Extension Cords - Safety and how to choose the right size.
I feel this is a topic that is not discussed frequently enough. We rely on machine manufactures to provide proper cords for the equipment they make, and trust they are the proper size and length for the power demands for that equipment. However, sometimes we need a longer cord run to reach a power source, and sometimes machines don't even come with cords, so we have to provide our own.
I was shopping around home depot last week for a new cord for a 10" Clean Scrub TM3 CRB machine. One of my techs ran over the cord and cut open the outer protective casing, then we lent it to a local cleaner and his tech did the same, but much worse, exposing the actual wires, so definitely time for a new cord. As I was browsing through the sizes and colors, I found this chart.
Although I knew the basics of choosing a cord, I couldn't remember the actual specifications. So needless to say, I was happy to find this. We wanted a 50 foot cord, so based on this chart, pulling up to 20 amps, we chose a 12 gauge cord.
Another example would be if you already have a portable extractor, CRB, Cimex Machine, or other equipment with a 50 foot 12 gauge cord, but you want to go an extra 50 feet. Can you add a second 12 gauge cord? The answer is NO! You must move up to a 10 gauge cord for the 50 feet closest to the power source. Have you ever unplugged your cord from the wall and it was extremely hot?! The best way to go to prevent issues would be to get rid of the 12 gauge cord and get two 10 gauge cords if you plan to use 100 feet total.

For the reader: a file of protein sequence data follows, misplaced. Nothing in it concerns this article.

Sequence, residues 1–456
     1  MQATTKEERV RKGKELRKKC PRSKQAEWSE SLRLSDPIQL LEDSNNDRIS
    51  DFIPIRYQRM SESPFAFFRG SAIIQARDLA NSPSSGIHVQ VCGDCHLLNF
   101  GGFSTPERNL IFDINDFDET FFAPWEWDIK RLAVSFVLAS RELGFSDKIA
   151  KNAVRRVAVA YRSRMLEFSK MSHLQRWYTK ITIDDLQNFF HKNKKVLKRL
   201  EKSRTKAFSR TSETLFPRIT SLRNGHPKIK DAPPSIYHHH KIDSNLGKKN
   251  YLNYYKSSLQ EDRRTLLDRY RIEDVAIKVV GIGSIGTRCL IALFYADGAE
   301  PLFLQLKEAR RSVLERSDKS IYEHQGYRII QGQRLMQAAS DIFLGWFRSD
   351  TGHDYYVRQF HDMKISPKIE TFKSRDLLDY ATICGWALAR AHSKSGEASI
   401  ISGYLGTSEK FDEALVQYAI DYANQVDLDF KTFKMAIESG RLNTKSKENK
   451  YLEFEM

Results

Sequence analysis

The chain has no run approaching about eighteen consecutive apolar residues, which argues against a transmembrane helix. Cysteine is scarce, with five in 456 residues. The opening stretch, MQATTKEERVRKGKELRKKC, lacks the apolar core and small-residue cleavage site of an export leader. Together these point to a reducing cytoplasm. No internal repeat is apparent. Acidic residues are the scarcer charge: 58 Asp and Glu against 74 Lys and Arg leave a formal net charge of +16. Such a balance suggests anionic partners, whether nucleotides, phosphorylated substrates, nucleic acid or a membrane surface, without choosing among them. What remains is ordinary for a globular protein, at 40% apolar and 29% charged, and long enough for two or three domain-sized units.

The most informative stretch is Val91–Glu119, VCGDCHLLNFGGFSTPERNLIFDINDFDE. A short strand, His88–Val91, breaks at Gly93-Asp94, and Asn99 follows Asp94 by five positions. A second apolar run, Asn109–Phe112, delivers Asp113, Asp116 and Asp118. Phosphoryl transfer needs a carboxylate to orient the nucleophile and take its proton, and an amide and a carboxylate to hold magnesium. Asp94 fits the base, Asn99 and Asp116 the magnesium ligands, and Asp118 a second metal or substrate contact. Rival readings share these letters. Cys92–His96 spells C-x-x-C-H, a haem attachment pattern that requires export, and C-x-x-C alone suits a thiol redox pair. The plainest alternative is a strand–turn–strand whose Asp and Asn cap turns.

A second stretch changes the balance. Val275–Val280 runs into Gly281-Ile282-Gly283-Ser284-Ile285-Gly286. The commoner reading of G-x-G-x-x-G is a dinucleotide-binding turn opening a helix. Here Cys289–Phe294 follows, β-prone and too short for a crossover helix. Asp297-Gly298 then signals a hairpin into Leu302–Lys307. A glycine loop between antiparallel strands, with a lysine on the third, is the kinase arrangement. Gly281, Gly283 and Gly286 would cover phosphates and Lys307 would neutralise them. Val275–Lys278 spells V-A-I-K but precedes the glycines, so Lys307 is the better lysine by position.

If your cord id not rated for the power it is drawing, you run a high risk of fire. First, the casing or plug end starts to melt. If this happens within the cord, then 2 wires may come in contact and start an electrical fire. Circuit breakers are designed to prevent this but it still happens in the real world. Alternatively, cord ends may begin to melt if not assembled tight enough, or on a replacement end, the screws may be loose causing it to heat up and melt. Third, if your cord connections get wet from water dripping over them, the same can happen. To prevent cord end on the back of you portable extractor from getting wet, we suggest getting cord protectors, like these...Picture to the left. These will help prevent cords fusing together, melting, or burning, like the picture to the right...
Lastly, when using your cords, do not leave them wound up. Just like your vacuum hose, you want to spread them out as much as possible. For different reason of course. The vacuum hose will have less air friction when straight, giving you better suction. The power cords should be straight and spread out to minimize heat and resistance. This will help your equipment operate more consistently under load, and will also prevent damage to the cords from getting too hot.
I hope this info helps. If you have any comments you would like to add to this post, please send me an email at firstname.lastname@example.org and I will be happy to include the info.